© The Boston Globe 2001. Used by permission.
The Secret History of World War II
PART I: THE PERFECT SPY
by Mark Fritz / Globe Staff / March 11, 2001
Page 9 of 9
Continued from page 8
''It's obviously interesting to meet your father,'' says Peter Kolbe. ''It was somewhat difficult, of course. He was a European and I was a colonial boy. The war almost didn't touch me. My father had lived with the threat of death and intense psychological pressures. Then he was regarded as a traitor, and that is still the case.''
Peter Kolbe was a free spirit who had no stomach for sudden fatherly authority. ''He was obviously a very strong man. But he was obviously very German, somebody who believed people could be cowed by discipline,'' he says.
The younger Kolbe did get a taste of the intelligence life in postwar Germany. ''I met most of the CIA people in Berlin when I arrived. I did a bit of translating for him,'' he says. ''I read some lovely report about some king who was going to get kicked in the ass by some Colonel Nasser.''
Later, on a trip to Egypt, Peter Kolbe saw the posters of the new leader: Gamal Nasser. ''I had a good laugh.''
Such Third World intrigue was a hallmark of the CIA when Dulles was chosen to head the agency in 1953. He used backwater coups and rightist authoritarians in a global chess match with the Soviets and their own arsenal of leftist revolutionaries. He was ousted in 1961 for his role in talking President John F. Kennedy into the bungled attempt to topple Cuba's Fidel Castro at the Bay of Pigs.
Kolbe and his wife retired to Bern. They came to Cambridge in 1966 and visited Peter Kolbe and his wife and their new daughter. The younger Kolbe was conducting research at MIT at the time. ''I saw my father a number of times, but each time no more than a couple of weeks,'' says Kolbe, who has two grown children and two grandchildren in Sydney.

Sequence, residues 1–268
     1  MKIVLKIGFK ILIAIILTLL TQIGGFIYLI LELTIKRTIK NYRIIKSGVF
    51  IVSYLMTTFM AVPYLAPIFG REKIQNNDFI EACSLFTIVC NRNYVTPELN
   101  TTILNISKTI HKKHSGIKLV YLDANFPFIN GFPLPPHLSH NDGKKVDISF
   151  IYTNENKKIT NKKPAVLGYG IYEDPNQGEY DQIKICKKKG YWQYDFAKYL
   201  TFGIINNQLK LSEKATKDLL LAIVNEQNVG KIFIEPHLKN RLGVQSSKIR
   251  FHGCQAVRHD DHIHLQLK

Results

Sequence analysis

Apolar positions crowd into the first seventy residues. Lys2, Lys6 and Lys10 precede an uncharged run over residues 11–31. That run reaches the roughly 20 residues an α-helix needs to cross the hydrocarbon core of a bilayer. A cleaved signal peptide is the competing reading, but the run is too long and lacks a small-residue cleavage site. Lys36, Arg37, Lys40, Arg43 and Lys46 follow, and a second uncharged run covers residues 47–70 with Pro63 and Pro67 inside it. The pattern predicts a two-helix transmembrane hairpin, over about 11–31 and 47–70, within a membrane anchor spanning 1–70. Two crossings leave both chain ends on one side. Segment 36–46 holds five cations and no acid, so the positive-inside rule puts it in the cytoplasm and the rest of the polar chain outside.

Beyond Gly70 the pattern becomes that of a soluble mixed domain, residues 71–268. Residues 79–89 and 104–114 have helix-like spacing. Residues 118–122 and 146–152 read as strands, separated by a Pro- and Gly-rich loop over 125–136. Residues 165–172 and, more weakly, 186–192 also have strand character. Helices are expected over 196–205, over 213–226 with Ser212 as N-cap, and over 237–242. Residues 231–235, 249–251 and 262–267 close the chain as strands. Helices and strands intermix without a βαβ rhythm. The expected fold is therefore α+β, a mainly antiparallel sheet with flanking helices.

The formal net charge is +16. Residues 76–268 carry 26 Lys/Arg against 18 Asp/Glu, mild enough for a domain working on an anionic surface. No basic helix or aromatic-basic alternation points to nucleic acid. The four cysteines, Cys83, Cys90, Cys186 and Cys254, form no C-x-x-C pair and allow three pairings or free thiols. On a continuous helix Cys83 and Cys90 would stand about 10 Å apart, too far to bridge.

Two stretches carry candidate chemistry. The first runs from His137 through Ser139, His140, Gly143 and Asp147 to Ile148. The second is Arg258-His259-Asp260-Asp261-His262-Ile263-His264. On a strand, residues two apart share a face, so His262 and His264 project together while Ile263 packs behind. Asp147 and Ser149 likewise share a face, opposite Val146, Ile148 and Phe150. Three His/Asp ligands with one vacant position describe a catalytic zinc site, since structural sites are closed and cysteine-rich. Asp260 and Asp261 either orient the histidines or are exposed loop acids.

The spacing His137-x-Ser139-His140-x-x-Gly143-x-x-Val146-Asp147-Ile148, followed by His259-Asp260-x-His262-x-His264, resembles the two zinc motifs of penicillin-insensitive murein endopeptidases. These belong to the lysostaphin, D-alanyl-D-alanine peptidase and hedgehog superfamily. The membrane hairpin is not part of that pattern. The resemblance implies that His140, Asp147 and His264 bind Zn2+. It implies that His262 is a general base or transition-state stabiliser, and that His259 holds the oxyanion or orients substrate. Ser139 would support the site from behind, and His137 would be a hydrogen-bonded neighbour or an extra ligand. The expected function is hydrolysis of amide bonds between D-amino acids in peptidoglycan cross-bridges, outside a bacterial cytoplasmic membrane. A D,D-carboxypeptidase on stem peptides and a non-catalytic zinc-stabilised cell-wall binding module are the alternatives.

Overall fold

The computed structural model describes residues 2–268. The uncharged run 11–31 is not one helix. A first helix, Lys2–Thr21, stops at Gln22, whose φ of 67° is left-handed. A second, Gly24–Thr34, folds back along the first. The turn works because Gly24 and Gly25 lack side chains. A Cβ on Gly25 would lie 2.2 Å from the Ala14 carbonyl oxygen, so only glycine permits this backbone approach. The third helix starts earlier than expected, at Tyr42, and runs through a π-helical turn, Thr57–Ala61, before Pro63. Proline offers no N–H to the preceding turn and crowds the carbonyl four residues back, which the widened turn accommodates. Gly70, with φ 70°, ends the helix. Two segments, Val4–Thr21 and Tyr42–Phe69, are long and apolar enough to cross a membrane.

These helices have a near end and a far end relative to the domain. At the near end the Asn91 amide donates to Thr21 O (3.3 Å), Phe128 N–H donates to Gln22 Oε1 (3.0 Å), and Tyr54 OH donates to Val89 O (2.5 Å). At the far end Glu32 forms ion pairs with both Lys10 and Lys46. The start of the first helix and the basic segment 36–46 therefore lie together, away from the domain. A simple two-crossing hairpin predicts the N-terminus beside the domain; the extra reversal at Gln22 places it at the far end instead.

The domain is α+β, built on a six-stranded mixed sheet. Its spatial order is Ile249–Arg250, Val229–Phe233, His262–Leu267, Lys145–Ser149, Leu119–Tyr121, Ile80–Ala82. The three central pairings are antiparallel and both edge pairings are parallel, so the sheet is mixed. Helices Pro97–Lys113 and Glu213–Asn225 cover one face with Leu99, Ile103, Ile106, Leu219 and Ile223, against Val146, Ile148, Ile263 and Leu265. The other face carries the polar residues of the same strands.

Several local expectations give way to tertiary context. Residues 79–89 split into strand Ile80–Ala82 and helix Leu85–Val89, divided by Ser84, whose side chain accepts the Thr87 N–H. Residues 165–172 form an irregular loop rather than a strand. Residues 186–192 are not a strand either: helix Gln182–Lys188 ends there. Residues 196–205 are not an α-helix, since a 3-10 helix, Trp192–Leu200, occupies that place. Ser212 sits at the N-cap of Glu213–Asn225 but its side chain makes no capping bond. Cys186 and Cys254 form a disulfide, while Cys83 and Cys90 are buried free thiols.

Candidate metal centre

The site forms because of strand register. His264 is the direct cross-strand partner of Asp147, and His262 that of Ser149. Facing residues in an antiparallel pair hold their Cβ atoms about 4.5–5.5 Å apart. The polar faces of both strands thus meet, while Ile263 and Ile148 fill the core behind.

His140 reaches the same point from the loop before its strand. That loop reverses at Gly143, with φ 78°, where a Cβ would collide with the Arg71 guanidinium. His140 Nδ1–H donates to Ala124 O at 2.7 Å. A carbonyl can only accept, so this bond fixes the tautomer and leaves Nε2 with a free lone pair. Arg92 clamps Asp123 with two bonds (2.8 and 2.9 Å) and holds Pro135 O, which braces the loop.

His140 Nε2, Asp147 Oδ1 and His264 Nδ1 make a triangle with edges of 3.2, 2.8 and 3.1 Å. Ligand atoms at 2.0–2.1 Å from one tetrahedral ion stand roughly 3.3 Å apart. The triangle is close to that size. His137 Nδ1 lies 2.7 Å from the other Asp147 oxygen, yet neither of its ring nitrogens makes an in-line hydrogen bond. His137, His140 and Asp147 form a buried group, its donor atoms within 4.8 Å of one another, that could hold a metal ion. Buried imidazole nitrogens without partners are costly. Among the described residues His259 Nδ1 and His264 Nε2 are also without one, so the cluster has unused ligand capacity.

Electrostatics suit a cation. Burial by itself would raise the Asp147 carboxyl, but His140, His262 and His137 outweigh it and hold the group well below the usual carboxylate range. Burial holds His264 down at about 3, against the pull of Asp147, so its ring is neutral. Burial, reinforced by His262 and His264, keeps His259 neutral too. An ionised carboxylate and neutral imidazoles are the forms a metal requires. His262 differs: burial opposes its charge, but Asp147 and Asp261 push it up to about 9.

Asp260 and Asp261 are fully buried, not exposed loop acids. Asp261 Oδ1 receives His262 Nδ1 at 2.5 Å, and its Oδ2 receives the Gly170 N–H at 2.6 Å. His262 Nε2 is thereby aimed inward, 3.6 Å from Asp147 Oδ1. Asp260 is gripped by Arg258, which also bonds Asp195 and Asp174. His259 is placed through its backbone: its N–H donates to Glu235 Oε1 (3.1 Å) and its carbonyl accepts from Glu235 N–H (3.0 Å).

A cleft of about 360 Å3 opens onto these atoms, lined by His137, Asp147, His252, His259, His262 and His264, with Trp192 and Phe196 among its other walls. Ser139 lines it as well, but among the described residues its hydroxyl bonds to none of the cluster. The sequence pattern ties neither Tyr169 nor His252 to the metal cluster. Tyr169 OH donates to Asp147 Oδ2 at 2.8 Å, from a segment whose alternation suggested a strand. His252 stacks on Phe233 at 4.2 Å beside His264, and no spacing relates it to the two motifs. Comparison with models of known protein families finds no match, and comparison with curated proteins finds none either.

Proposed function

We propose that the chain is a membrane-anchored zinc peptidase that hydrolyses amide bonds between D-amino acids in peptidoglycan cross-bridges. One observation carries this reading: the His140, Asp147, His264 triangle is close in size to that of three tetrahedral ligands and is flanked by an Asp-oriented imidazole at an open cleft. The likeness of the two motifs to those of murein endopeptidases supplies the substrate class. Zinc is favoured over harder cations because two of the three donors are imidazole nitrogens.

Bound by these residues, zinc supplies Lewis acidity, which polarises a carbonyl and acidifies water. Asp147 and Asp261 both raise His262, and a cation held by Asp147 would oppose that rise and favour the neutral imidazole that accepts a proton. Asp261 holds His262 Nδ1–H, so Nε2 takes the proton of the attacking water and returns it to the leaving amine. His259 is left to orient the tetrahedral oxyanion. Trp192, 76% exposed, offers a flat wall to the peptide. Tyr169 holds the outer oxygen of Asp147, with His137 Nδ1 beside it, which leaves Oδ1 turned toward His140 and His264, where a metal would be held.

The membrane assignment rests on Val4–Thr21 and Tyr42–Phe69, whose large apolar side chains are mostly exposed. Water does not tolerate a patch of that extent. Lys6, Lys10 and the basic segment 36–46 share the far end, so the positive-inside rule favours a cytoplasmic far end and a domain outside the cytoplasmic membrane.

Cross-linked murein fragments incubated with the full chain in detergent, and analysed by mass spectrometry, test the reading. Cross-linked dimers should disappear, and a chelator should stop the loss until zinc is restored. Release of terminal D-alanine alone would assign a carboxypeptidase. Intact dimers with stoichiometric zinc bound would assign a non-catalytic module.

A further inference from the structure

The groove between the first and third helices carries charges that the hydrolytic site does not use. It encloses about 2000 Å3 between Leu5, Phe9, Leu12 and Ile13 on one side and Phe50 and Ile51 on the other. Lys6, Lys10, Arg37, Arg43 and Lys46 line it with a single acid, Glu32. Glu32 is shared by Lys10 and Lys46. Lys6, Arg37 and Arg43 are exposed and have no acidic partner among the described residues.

Fritz Kolbe and his wife then traveled to Manchester, N.H., and visited the family of his old friend Hermsdorf. Ronald Hermsdorf said Kolbe had lost none of his boxer's bounce. ''You know those Basque shepherds with the weathered faces? That was how I remember Fritz Kolbe. He was just a very, very tough little guy,'' he says.
During his trip, Kolbe contacted Dulles at his home in Washington. ''I am delighted to hear that you are in the country,'' Dulles wrote back. ''I have not been in the best of health... but that should not prevent our getting together.''
Kolbe and Dulles kept in touch. By 1968, they were old warriors left to their reflections. The voluble Dulles wrote books and gave speeches. Kolbe finally decided to write his memoirs. He wanted Dulles to round up those incredibly detailed dispatches that Kolbe had filed during World War II.
But it was too late. The intelligence bureaucracy had become calcified in a culture of secrecy even more sacrosanct than the secrets themselves. Even Dulles was locked out of the fortress he helped build.
''I do not have any authority with respect to the documents to which Fritz might desire,'' Dulles wrote a mutual acquaintance. ''I have never myself succeeded in getting my hands on the great pile of Foreign Office telegrams which I delivered to the State Department many years ago.''
Within seven months, Dulles was dead. Kolbe followed two years later. Late last year, Maria was buried beside him in Bern. She'd refused requests to talk about her husband. The legacy of one of the last century's greatest spies remained locked away. Until now.
Peter Kolbe has some of the letters that Dulles wrote his father. He's collected piecemeal accounts of the man's wartime exploits. Only recently was he able to locate the grave of the mother he never knew, on the outskirts of old East Berlin.
Fritz Kolbe's son spent his career conducting geological research and exploration, dealing with the hard, immutable facts of proven science. He can hardly fathom the illusory life his father lived. ''I'd be afraid of doing something like that,'' he says. ''You could never prove anything.''
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